'The Flash' Stars Tom Cavanagh and Carlos Valdes Talk The Council of Wells

Tonight on The Flash, Harrison Wells will team up with himself -- again -- but this time in a [...]

harrison wells

Tonight on The Flash, Harrison Wells will team up with himself -- again -- but this time in a slightly different way: the "Council of Wells" will convene, bringing various versions of the character from across the multiverse together to try to assess the problem of The Thinker, who last week got his hands on one of the "bus metas" that he and The Flash have both been tracking.

The two key players in that drama -- Tom Cavanagh, who plays Wells on the series, and Carlos Valdes, who plays Vibe (the character who can reach through to other Earths for help) -- joined reporters on set last week to talk about tonight's episode.

"It was almost too much, you know. It was a very overwhelming process," admitted Valdes. "Obviously, Tom is very good at riffing on this particular character and letting us see different shades of Wells, but this just goes so over the top in such a gratifying way....When we shoot different versions, actors being different versions of the same character, it takes time. You gotta get into the makeup, any sort of prosthetic or costumes and stuff like that. That takes time. You do the take with Tom, and there's stand-ins standing in for the other versions of Tom. And then once you do that coverage, you've got to wait 40 minutes for Tom to get processed into another character, and then you shoot that coverage, and then you do that five times, you know. So you have to keep that tiny scene fresh in your mind for hours while you get all that done. But I'll say this: For as long as it took, he sure made it a lot of fun, just constantly improvising and riffing. I think people will dig it a lot."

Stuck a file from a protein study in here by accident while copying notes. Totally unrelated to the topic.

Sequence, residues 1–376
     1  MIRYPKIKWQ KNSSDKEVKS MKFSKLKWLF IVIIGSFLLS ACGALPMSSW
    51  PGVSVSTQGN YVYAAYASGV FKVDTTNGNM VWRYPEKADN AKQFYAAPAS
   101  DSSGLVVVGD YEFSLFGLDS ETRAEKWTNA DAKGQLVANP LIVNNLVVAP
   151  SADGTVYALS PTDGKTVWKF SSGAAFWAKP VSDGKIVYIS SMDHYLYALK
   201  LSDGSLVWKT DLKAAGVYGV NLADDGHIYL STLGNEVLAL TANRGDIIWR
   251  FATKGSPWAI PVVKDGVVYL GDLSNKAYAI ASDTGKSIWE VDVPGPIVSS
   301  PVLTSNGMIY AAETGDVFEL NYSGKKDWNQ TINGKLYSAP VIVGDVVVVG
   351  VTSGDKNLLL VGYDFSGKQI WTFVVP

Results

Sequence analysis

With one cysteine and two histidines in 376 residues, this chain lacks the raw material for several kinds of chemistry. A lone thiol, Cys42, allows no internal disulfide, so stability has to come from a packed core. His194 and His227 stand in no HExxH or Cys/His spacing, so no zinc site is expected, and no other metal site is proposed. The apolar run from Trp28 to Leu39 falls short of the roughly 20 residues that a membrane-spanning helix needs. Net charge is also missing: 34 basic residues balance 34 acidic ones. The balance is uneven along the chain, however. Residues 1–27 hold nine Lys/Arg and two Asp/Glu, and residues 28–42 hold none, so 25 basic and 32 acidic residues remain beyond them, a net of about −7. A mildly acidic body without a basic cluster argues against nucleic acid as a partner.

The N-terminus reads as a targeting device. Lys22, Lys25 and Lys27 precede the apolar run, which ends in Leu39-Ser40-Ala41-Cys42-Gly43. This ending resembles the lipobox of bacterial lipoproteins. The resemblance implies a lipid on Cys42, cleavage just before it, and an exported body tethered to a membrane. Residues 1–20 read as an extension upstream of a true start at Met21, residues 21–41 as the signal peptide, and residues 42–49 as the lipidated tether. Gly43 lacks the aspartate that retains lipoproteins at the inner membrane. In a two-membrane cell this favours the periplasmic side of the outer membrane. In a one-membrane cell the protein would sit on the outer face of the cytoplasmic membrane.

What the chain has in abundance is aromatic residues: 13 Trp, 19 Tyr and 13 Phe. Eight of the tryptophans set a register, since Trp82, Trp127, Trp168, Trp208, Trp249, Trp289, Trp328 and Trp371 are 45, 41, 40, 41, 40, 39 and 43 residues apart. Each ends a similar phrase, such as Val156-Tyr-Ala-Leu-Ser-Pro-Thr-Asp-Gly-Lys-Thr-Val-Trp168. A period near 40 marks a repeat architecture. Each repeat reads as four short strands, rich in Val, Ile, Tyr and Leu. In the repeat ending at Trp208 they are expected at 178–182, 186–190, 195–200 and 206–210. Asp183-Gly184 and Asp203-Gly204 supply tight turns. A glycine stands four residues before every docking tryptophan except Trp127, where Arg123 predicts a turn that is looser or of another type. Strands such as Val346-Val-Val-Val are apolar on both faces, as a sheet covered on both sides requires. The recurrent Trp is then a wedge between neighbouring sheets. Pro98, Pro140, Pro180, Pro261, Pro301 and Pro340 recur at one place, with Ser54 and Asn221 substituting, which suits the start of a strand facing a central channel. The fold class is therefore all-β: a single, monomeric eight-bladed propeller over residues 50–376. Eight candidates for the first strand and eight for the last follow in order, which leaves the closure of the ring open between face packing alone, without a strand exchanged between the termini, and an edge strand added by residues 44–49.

As for his process in creating the new Wellses, Cavanagh invoked the name of The Boss himself -- and here's a guy who has never even been in a penultimate episode of Arrow! -- in explaining it.

"I remember Steve Van Zandt saying that Bruce Springsteen always has a number of songs in the scrapbook, ready to go. Steve's quote was, 'It's really annoying,'" said Cavanagh. "I'm that way with characters. I have a number of them. It's just a question of, 'Well, do we want ten? Do we want two?' We had a number of them at first. I was like, 'Listen, the show The Flash should be about the Flash, and not about Wells. So, what will happen is if we do ten, we will end up cutting all their stuff because we can only really afford to have three or four scenes in this arc.' We thought it best that we pare it down. We went from 10 to six to four, or so. And, so, I think it's unfortunate the Russian didn't see the light of day. But, if this show keeps going, there will be plenty of time. I had a bunch of those ready last year when we searched for H.R. I threw the steampunk guy, and the mime guy, and Hells Well, the Texan. Once again, another exercise in shamelessness that went so well that we decided to expand. Business is booming when it comes to the Wells."

As for the ones that didn't make it into the series yet, and how to differentiate the ones he has already played? Well, the Scrubs and Ed veteran has thoughts on that, too:

"When I do different characters on the show, my goal is to try and fill gaps that we have, and openings we have on the show," Cavanagh said. "So, in the first year, we didn't have a daily antagonist. We had the main, over-arching antagonist, which was the Reverse-Flash, which I played. In the second year, we didn't really have that as much, at least not a comic-book regular the way the Reverse-Flash is. So, I introduced Harry, who is kind of socially awkward and difficult and antagonist, but ultimately a good guy at heart. At least it had some grit and conflict in our daily rapport and within the cortex in S.T.A.R Labs and so on and so forth. They made it nice for someone to be antagonizing Snow and Ramone. Then, in the third season, I thought we could do a little more comedy here, so H.R. was created."

He teased that there were German and Australian Wellses that didn't fly, plus a Playboy-inspired version that was meant as a nod to the recently-deceased Hugh Hefner.

"And then, they play off each other," Cavanagh said. "I could do that all day and did do it all day. Unfortunately, one of the casualties was "Wells the Gray Gandalf guy basically throwing out non sequiturs. But, it was more to my liking than to a television show like The Flash. All that stuff ended up on the cutting room floor, which we thought it would. There's room for Wells the Gray down the line, in season 17, when I really will be gray."

The Flash airs on Tuesday nights at 8 p.m. ET/PT on The CW.